Since the time I wrote this article, the plugin I used does not exist anymore. It is somewhat related to the plugin cordova-plugin-sms, but that plugin is Android only. You probably want to use cordova-sms-plugin. Note the different. This plugin has a slightly different API. You can read more about it here: I have updated my demo code in the GitHub repo linked at the bottom and it works for me, but the main text of this blog post has not been updated to reflect the new plugin and code.

Yesterday a reader contacted me asking for help sending SMS messages from a PhoneGap/Cordova application. I've made use of a nice plugin for this before so I thought I'd whip up a quick example of it for him, and my readers.

The plugin I used is Sms Custom Cordova Plugin - not the most imaginative name but really darn simple to use. It has one method, sendMessage, that - wait for it - will send a SMS message. On Android this is done completely behind the scenes. In other words, it will send a SMS message without letting the user know. Obviously you shouldn't do that, but keep that in mind. On iOS and Windows it will actually open the SMS application so the user has to actually finish the process themselves. Let's look at a simple example. As with my other Cordova examples, this is all up on GitHub for you to play with.

First, the HTML. This application does one thing - prompt for a telephone number and message. To make it a tiny bit prettier I added Ratchet.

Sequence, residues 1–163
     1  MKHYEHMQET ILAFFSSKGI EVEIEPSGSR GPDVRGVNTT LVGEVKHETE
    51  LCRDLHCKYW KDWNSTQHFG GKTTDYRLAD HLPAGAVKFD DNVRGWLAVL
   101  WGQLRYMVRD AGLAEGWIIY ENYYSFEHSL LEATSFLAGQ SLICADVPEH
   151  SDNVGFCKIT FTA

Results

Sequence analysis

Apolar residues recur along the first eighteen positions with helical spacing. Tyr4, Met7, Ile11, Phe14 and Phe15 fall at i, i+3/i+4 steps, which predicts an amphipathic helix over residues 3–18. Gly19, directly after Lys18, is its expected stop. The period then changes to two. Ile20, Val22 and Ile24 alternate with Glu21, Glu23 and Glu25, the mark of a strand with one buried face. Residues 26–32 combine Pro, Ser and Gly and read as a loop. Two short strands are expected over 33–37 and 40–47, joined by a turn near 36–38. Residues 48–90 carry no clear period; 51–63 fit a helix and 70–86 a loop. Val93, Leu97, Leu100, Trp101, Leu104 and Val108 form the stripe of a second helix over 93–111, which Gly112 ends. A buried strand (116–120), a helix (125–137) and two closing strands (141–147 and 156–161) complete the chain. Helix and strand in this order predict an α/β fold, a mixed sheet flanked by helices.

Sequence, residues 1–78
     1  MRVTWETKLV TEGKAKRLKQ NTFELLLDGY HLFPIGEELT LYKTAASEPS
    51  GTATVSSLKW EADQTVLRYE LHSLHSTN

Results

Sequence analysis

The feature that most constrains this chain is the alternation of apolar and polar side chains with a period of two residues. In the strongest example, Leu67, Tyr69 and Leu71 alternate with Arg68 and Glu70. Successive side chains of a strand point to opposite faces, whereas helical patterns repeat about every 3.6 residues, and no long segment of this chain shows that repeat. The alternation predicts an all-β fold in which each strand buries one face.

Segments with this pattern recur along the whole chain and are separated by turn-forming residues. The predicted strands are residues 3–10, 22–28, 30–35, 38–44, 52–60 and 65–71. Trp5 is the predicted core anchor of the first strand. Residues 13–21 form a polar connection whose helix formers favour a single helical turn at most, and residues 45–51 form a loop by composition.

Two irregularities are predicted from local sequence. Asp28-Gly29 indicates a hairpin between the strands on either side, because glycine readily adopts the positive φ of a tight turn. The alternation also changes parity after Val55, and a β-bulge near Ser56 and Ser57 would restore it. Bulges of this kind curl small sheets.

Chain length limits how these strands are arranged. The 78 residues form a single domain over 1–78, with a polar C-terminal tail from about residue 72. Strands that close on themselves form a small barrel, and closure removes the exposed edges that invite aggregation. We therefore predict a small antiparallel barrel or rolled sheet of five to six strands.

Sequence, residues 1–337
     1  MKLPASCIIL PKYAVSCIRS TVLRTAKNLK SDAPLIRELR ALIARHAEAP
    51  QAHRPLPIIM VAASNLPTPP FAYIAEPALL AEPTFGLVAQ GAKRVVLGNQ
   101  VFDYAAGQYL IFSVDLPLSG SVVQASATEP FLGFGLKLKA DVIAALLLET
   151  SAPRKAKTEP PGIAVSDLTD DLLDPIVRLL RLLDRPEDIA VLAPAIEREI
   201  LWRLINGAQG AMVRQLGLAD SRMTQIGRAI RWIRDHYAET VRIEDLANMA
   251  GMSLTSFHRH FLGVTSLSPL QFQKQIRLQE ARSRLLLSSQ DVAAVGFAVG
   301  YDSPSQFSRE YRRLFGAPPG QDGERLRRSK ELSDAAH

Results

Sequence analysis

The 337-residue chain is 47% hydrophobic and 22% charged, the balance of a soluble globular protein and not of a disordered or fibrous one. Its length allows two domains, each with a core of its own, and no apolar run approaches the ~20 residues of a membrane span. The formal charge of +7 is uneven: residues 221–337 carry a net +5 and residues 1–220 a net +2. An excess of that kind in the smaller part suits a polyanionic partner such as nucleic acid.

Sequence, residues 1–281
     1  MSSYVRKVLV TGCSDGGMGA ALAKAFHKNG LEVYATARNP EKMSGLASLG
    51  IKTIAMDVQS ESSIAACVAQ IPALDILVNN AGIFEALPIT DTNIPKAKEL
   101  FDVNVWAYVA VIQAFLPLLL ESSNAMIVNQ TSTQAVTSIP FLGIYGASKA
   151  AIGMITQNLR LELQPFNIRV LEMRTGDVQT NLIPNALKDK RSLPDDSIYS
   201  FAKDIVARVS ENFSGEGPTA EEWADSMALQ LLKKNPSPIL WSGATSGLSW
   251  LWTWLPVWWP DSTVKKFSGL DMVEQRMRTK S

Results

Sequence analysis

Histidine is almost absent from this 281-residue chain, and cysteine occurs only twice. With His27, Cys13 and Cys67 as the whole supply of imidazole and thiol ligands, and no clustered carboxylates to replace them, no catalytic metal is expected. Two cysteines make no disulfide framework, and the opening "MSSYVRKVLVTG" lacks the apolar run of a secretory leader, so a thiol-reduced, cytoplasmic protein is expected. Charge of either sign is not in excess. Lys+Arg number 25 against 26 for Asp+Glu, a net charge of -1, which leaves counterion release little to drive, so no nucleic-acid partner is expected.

<!DOCTYPE html>
		<meta charset="utf-8">
		<meta http-equiv="X-UA-Compatible" content="IE=edge,chrome=1">
		<meta name="description" content="">
		<meta name="viewport" content="width=device-width">
        <link rel="stylesheet" type="text/css" href="css/ratchet.min.css" />
		<script src="js/ratchet.min.js"></script>

		<header class="bar bar-nav">
	      <h1 class="title">SMS Demo</h1>

	    <div class="content">
	    	<div class="content-padded">
				<input type="text" id="number" placeholder="Phone Number"><br/>
				<textarea id="message" placeholder="Message"></textarea>
				<input type="button" class="btn btn-positive btn-block" id="sendMessage" value="Send Message">

	<script src="cordova.js"></script>	
	<script src="js/app.js"></script>

Which renders this lovely UI:

iOS Simulator Screen Shot Dec 11, 2014, 10.39.52 AM

Now let's consider the JavaScript:

document.addEventListener("deviceready", init, false);
function init() {

	document.querySelector("#sendMessage").addEventListener("touchend", function() {
		var number = document.querySelector("#number").value;
		var message = document.querySelector("#message").value;
		console.log("going to send "+message+" to "+number);

		//simple validation for now
		if(number === '' || message === '') return;

		var msg = {

		sms.sendMessage(msg, function(message) {
			console.log("success: " + message);
			    'Message to ' + number + ' has been sent.',
			    'Message Sent',

		}, function(error) {
			console.log("error: " + error.code + " " + error.message);
				'Sorry, message not sent: ' + error.message,

	}, false);


So as I mentioned above, the plugin has one method. It takes an object containing the phone number and message. The second argument is the success handler and the third is for failures. If you try to run this on the simulator, you will get an error: "SMS feature is not supported on this device." This is useful in case your application is being run on a wifi-only tablet.

As I mentioned, on iOS and Windows Phones, the user will see the 'real' SMS application pop up. It will be pre-populated with the data sent from the plugin. Here is an example:


The user will need to hit Send to finish the process, but they won't have to actually type anything.

That's it. If you want a copy of this code, you can grab it here: